Les Misérables

Thursday, June 8, 2006 at 8:00pm
Pantages Theatre
Los Angeles, CA

Before I begin, I must say that this was possibly the worst experience I've had -- not the performance itself, but the ambiance. There were three or four INCREDIBLY irritating girls in the row behind us who constantly talked (not whispered, but talked), giggled, and even made comments where I know they were mocking what was on stage. This took place throughout the ENTIRE first act, despite numerous people telling them to stop. None of us could enjoy the performance. But I tried my best.

Okay, for the real review. The cast:

Jean Valjean   Randal Keith Javert   Pierce Peter Brandt *
Fantine   Joan Almedilla Young Cosette   Meg Guzulescu
Madame Thénardier   Jennifer Butt Thénardier   Norman Large
Gavroche   Austyn Myers Eponine   Melissa Lyons
Enjolras   Victor Wallace Marius   Daniel Bogart
Cosette   Leslie Henstock The Bishop of Digne   Gabriel Kalomas
Foreman   Matt Clemens ** Factory Girl   Candice Nicole
Old Woman (locket)   Lisa Capps *** Crone (hair)   Suzanna Neeley Bridges
Old Beggar Woman ("Look Down")   Marnie Nicolella Montparnasse   Kip Driver
Babet   Kevin David Thomas Brujon   Don Brewer ****
Claquesous   James Chip Leonard Combeferre   Matt Clemens **
Feuilly   Eric Briarley Courfeyrac   Jason Kraack
Joly   Charles Hagerty Grantaire   Dave Hugo
Lesgles   Gabriel Kalomas Jean Prouvaire   Ryan Williams

* Pierce Peter Brandt on for Robert Hunt
** Matt Clemens on for Pierce Peter Brandt
*** Lisa Capps on for Karen Elliot
**** Don Brewer on for Roger Seyer
***** Michelle Mallardi on for Ali Ewoldt

I didn't really have time to look at the Playbill except to figure out which of the kids were going to be on and who was on the white sub slips, so I was very surprised when it wasn't Trent Blanton in the Bamatabois/Grantaire track. Only at intermission did I look at the Playbill and see that it was Dave Hugo. Other than that, everyone was where I was expecting.

And this time, I was with a few people who had never seen this particular cast (they only saw the London cast a couple years ago), which made it even better for me because I somewhat can put myself into their shoes, as in vicariously experiencing these performers for the first time. It's weird, but that's how my brain works. I was glad they were getting to see Randal Keith, but unfortunately they missed out on Robert Hunt's performance.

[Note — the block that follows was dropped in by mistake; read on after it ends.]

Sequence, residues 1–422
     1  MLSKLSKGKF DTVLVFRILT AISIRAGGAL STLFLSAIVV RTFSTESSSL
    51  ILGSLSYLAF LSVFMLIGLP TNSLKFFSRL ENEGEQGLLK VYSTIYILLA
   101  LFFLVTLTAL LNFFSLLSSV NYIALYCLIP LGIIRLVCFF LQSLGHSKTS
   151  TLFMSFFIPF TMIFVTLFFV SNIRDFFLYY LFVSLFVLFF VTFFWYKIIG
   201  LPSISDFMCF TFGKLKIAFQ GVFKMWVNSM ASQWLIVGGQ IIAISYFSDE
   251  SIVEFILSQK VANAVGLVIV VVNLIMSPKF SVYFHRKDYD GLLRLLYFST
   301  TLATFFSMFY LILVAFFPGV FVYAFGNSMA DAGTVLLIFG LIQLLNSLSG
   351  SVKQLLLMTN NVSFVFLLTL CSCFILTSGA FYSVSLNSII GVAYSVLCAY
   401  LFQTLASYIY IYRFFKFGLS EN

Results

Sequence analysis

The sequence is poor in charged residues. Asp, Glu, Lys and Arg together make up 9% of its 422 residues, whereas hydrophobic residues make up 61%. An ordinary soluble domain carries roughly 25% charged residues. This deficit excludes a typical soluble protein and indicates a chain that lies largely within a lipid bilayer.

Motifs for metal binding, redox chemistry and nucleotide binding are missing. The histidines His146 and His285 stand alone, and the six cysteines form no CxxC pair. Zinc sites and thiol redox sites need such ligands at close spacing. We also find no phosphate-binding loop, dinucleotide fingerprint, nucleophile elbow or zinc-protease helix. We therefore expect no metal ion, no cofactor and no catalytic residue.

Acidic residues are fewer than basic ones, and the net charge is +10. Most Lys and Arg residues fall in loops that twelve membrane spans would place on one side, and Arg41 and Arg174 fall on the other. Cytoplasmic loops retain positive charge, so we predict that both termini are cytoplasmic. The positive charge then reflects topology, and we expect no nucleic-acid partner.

I do also have to note that the tempo of the show was quite a bit faster than in San Francisco or D.C. I don't know whose choice it is (conductor, director?), but it somewhat messed up the timing of many scenes and it felt very rushed. But luckily, the actors were able to take some scenes where there was little music and draw it out a little, for dramatic effect. Not often, but it was nice when it happened.

Individual performances:

Randal Keith

As always, I have nothing but wonderful things to say about his Valjean, and most of it I've said already. Even from the back of the theatre, I felt every bit of his emotion through his voice and movements. If it's at all possible, "Bring Him Home" was even better than any previous performance I've seen -- so peacefully elegant and powerful at the same time. I swear hearing angels sing pales in comparison.

Pierce Peter Brandt

I've seen Pierce go on as Javert once before (first show last year in SF), and while I thought he was good then, I thought this performance was even better. He was able to convey a much more defined character with a stronger sense of determination and duty -- much of it through his body movements and voice inflections (because we couldn't really see his face at all). And while Robert Hunt tends to let his determination come through his incredible intensity and you get a sense that at some point he will lose control of it, Pierce's Javert seemed to hold more of that inside, only letting us get little glimpses of it now and then. It's that dichotomy of being incredibly dedicated yet too rigid to really let it show that made me really like his portrayal.